Egypt approves new facilities for imported second-hand cars including electric cars
The Ministry of Finance approved new facilities for customs’ duty on imported second-hand cars including cars, which run with electric engines or are powered by electric and fossil engines.
The ministry issued a decree that gives second-hand cars, which run with electric engines or are powered by electric and fossil engines, a 10 percent deduction on the free of board (FOB) value applied to imported cars.
The decree will be applied to second-hand cars that are imported as of October of the model year through September of the following year.
The decree also gives second-hand cars of the abovementioned types, which are imported after September of the model year, a 10 precent deduction on the FOB value for each year for a two-year period as of October, in addition to a 5 percent deduction on the FOB value in the years to follow.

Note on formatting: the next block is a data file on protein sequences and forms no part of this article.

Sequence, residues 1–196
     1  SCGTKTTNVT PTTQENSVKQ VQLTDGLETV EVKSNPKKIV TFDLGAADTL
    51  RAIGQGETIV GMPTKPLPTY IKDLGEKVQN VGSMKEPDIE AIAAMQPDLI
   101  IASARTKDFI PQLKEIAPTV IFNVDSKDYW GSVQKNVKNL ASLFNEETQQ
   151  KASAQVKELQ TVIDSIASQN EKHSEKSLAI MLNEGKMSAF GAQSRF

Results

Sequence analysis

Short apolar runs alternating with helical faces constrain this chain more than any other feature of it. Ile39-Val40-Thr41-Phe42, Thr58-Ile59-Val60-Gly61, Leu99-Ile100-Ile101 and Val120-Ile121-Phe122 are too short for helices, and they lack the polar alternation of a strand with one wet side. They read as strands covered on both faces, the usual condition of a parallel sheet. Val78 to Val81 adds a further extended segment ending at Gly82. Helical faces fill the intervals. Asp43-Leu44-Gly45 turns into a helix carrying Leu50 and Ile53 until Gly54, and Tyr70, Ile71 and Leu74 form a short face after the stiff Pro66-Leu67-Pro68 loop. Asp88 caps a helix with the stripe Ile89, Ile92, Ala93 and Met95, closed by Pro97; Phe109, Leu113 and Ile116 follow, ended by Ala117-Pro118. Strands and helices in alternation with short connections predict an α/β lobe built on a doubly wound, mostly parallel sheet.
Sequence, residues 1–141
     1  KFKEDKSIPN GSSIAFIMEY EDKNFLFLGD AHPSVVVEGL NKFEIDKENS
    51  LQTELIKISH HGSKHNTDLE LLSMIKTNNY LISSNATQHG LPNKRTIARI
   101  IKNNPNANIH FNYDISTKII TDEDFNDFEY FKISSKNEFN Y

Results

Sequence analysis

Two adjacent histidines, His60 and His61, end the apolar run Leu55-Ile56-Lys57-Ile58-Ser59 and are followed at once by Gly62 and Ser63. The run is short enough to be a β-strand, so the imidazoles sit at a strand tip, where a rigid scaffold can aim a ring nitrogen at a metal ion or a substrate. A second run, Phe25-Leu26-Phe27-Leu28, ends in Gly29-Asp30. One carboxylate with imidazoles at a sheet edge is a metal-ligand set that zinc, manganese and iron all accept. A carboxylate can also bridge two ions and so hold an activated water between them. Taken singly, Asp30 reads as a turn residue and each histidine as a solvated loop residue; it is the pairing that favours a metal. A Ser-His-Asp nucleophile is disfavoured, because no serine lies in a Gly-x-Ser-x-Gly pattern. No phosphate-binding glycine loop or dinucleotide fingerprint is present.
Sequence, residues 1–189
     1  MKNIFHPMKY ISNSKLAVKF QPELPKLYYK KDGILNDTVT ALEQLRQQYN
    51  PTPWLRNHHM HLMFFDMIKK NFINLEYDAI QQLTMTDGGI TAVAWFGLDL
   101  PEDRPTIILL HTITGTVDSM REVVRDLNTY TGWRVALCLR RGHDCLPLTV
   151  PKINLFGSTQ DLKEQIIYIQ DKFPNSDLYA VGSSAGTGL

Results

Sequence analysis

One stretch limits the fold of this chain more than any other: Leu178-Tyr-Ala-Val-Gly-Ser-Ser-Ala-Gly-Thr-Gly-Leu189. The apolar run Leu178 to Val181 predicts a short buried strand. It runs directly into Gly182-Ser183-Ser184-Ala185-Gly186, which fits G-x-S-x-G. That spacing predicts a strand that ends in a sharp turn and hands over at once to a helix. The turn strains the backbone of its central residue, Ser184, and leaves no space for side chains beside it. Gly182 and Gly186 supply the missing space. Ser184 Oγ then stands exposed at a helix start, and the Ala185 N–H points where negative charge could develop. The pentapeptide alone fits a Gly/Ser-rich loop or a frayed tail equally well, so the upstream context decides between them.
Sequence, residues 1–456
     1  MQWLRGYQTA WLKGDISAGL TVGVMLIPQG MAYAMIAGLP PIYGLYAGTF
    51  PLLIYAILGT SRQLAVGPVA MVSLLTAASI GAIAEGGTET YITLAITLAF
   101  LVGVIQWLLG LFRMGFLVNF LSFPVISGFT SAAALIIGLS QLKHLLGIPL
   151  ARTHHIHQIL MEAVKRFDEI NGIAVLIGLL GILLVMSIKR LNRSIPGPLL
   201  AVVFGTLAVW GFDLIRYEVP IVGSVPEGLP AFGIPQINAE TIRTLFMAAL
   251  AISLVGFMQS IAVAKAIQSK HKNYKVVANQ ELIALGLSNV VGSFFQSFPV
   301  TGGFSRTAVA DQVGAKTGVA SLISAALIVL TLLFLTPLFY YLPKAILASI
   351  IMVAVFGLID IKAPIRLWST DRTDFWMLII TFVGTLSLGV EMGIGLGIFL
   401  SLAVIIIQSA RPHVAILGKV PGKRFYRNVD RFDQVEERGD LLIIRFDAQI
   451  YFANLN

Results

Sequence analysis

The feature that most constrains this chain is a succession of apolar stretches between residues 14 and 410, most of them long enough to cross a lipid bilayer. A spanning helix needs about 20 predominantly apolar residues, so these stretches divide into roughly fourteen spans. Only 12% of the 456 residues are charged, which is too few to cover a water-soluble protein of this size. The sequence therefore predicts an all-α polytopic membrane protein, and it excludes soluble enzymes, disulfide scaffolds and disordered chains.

The decree capped cummulative deductions at 50 percent of the FOB value.
Minister of Finance Mohamed Maait expounded that the decree comes in line with the state’s efforts to expand the use of electric vehicles, given that Egypt is a promising country for manufacturing transport vehicles.
The FOB value is a price that the buyer has to pay for imported shipments, excluding loading, unloading, customs, import duty, freight, insurance, VAT, and transportation from the port to the final destination.
Buyers traditionally prefer the FOB system for its relatively low cost compared to other taxation systems and the control it also grants them on shipping and transit time.
Second-hand car sales in Egypt are expected to see a contraction during 2021 and beyond, given the ongoing COVID-19 crisis, according to the Egyptian Automotive Dealers Association
It also expected such cars to witness a significant drop in their prices following the state’s strategy to convert gasoline-run cars to natural gas powered ones, possibly leading to a stagnation in the used cars’ market during the coming period.